“Anderson’s account of the US colonization of the Philippines is an important case study for those interested in the history of imperialism, and shows, yet again, that public health has been an important tool of empire.” — Linda Bryder, International History Review

“Anderson’s conclusion is intriguing and far-reaching…. [T]he most effective part of Anderson’s argument rests with its ability to clarify the effects that medicalized notions of the Filipino body had on both the colonized and the colonizer.” — Clio on the Brain blog,

“Anderson's achievement . . . One of the finest and most finely nuanced accounts yet of colonial medicine in Asia (or, indeed, its sister continents), Colonial Pathologies provides an accessible narrative which students of European and American public health would read with profit.” — David Arnold, Social History of Medicine

“As a case study in the transition from colonial ‘civilizing mission’ to post-war ideas of development, Colonial Pathologies has much to offer. As the author points out in his introduction, few books on ‘colonial medicine’ have covered this relatively neglected period or have made this theme their central focus.” — Mark Harrison, Bulletin of the Pacific Circle

“Overall, Anderson delivers an impressive account of the evolving nature of early 20th-century American colonial medical and public health thought as its authors observed, interpreted, and interacted with an unfamiliar people and place. As such, this book will be of great interest to any historian interested in the social construction of health and illness, as well as to those interested in tropical an/or colonial American medicine. Though intended for an academic audience, it is clearly written and quite suitable for a more general audience, especially those with an interest in military, colonial, or medical history.” — Keith C. Mages, Nursing History Review

“This is an important study of the role of medicine in American colonial policy.” — Raul Pertierra, The Australian Journal of Anthropology,

“Warwick Anderson’s Colonial Pathologies . . . interweaves the perspectives of race and gender in the relationship between tropical medicine and US imperial policy. . . . [T]his is a fantastic book which is richly nuanced, meticulously researched and wittily written.” — Raquel A. G. Reyes, Medical History

“Warwick Anderson’s fascinating new book is the outcome of meticulous research into the relationship between colonization and medical practices in America’s administration of the Philippines, 1898–1930s. . . . The volume is heavily illustrated with a variety of fascinating photographs. . . . [T]his fascinating and ambitious book is of broad appeal, and will intrigue and challenge readers interested in the history of the Philippines and American colonial expansion, as well as the history of medicine, ‘race’, masculinity, confinement, and discipline.” — Claire Anderson, IIAS Newsletter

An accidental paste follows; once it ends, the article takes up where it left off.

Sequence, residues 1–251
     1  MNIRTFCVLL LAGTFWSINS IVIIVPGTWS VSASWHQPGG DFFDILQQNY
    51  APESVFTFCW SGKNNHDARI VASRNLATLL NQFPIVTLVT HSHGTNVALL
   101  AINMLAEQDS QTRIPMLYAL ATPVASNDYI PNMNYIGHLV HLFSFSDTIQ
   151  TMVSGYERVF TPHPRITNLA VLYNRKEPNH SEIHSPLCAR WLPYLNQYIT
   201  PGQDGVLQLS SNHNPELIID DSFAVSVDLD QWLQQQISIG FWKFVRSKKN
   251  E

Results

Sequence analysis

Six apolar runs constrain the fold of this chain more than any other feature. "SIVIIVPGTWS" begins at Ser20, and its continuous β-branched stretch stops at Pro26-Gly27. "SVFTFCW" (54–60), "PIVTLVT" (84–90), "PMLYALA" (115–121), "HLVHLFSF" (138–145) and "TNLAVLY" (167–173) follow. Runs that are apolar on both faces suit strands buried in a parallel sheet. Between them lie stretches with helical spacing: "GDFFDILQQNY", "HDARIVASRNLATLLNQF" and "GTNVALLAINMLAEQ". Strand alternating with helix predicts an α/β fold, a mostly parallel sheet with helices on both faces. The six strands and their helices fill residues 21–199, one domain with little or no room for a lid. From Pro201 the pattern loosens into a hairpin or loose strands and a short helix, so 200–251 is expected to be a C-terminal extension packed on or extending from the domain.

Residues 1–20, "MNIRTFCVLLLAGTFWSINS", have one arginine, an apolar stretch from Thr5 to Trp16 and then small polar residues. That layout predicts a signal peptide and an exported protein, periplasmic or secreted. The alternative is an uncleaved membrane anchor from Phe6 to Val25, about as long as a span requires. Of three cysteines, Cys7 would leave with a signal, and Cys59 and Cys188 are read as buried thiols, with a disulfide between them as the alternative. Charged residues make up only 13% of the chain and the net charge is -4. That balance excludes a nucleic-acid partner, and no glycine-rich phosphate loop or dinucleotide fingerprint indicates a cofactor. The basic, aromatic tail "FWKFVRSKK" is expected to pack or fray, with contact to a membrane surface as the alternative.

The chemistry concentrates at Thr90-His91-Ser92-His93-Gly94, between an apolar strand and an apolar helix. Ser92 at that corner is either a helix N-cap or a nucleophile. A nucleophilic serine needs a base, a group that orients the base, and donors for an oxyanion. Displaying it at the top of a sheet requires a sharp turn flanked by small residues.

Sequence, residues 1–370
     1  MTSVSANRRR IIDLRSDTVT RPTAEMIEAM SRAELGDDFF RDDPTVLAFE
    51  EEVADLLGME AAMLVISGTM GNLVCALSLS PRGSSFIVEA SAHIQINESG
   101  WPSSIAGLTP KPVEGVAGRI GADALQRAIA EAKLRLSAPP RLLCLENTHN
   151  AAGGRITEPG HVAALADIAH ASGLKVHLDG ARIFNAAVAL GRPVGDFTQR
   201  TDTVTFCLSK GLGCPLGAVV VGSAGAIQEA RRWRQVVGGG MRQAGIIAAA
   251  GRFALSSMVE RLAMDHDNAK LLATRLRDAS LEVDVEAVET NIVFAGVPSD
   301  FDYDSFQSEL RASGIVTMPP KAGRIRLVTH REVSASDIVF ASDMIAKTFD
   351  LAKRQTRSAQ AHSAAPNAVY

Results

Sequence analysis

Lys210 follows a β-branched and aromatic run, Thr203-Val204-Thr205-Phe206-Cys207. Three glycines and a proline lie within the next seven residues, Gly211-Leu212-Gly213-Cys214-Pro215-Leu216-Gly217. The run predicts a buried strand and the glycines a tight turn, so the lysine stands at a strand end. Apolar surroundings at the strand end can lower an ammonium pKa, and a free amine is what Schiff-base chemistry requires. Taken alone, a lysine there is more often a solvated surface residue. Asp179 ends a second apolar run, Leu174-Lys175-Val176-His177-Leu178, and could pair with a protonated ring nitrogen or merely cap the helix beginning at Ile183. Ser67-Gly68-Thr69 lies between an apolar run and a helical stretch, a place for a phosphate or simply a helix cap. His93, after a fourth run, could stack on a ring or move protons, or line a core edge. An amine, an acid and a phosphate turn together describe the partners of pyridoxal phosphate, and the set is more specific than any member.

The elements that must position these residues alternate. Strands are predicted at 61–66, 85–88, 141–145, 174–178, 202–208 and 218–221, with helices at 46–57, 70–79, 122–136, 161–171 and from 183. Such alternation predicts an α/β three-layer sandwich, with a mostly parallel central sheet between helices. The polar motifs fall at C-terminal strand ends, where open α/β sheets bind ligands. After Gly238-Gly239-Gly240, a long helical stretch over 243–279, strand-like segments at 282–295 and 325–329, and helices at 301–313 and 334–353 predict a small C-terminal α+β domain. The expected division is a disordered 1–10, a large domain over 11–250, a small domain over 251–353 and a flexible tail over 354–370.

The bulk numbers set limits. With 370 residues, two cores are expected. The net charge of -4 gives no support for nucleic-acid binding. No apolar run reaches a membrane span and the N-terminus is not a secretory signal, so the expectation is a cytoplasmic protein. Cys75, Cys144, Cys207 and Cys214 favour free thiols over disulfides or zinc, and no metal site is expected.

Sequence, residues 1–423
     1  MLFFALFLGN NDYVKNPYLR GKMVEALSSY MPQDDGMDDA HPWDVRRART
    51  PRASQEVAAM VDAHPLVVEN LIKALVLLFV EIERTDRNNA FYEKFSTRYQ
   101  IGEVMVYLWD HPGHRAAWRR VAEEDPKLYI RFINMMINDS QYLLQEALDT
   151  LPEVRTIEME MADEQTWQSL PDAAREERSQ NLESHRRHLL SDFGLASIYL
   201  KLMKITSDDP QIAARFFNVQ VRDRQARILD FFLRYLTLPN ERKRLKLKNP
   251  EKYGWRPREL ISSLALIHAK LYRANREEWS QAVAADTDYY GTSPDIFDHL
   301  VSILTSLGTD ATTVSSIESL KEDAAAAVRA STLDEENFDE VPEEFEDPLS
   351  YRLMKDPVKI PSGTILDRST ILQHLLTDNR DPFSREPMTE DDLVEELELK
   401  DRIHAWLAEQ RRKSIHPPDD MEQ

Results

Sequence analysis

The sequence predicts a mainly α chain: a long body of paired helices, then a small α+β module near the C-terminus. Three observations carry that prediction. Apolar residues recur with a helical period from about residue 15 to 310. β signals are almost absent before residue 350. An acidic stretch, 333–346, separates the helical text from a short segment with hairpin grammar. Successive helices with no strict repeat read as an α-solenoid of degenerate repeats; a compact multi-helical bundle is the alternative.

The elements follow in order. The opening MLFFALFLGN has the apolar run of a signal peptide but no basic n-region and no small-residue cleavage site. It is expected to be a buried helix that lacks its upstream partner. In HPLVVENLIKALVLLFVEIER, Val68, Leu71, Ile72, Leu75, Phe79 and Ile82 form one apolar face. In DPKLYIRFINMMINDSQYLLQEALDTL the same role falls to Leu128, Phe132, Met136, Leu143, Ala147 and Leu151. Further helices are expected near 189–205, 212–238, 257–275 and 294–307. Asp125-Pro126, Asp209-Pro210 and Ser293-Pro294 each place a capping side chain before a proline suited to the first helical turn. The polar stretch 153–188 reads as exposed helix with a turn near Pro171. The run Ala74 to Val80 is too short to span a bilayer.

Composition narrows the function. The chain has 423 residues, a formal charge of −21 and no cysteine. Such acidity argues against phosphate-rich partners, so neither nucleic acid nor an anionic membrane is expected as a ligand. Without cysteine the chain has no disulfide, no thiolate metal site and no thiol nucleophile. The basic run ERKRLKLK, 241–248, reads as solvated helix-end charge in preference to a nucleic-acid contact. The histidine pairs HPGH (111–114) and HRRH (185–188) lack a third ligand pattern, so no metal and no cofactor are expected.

“Warwick Anderson’s scholarship is well known for its intellectual rigor and its stimulating originality. . . . Without ignoring the particularities of the colonial history of the Philippines or of ‘American way’ of public health, Anderson offers above all, in my view, a fine reflection on the culture of biomedicalization, the questions of power and the negotiations that are part of the process, and the unexpected results that emerge, both locally and globally.” — Laurence Monnais, American Ethnologist

Colonial Pathologies does the work that many colonial histories profess to do but rarely carry out: it provides us with a meticulous, dynamic, and grounded analysis of how political rationalities were honed and colonial and colonized subjectivities were formed through the changing medical perceptions and practices of U.S. imperial policy. Not least, it demonstrates how Philippines colonial public health regimes provided the template for subsequent healthcare in the Philippines, in the United States, and in international health services more broadly.” — Ann Laura Stoler, editor of Haunted by Empire: Geographies of Intimacy in North American History


“An imaginative and well-informed study of what might be called the bodily dimension of imperial relationships in the Philippines. Warwick Anderson explores the subjective and multidimensional aspects of the formally humane and objective realm of tropical public health, illuminating the American colonial experience and foreshadowing ambiguities and paradoxes in what we have come to call global health.” — Charles E. Rosenberg, author of No Other Gods: On Science and American Social Thought


“It’s difficult to overstate the significance of this book. Its account of hygiene as the means for establishing ‘biomedical citizenship’ in the Philippines under U.S. rule is carefully crafted and powerfully argued. Sympathetically deconstructing the assertiveness and delusions of white colonial medical practitioners beset by the specters of native bodily excess, Warwick Anderson shows how race and biology defined civic identities in the colony and the metropole alike. A path-breaking work on imperial medicine, it is certain to attract a wide readership.” — Vicente L. Rafael, author of The Promise of the Foreign: Nationalism and the Technics of Translation in the Spanish Philippines


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Author/Editor Bios Back to Top

Warwick Anderson teaches at the University of Wisconsin, Madison, where he is Chair of the Department of Medical History and Bioethics; Robert Turell Professor of Medical History and Population Health; and Professor of the History of Science, Science and Technology Studies, and Southeast Asian Studies. He is the author of The Cultivation of Whiteness: Science, Health, and Racial Destiny in Australia, also published by Duke University Press.

Table of Contents Back to Top
Acknowledgments vii

Introduction 1

1. American Military Faces West 13

2. The Military Basis of Colonial Public Health 45

3. “Only Man is Vile” 74

4. Excremental Colonialism 104

5. The White Man’s Psychic Burden 130

6. Disease and Citizenship 158

7. Late-Colonial Public Heath and Filipino “Mimicry” 180

8. Malaria Between Race and Ecology 207

Conclusion 227

Abbreviations 235

Notes 237

Bibliography 299

Index 343
Sales/Territorial Rights: World, excl. the Philippines

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Paper: 978-0-8223-3843-7 / Cloth: 978-0-8223-3804-8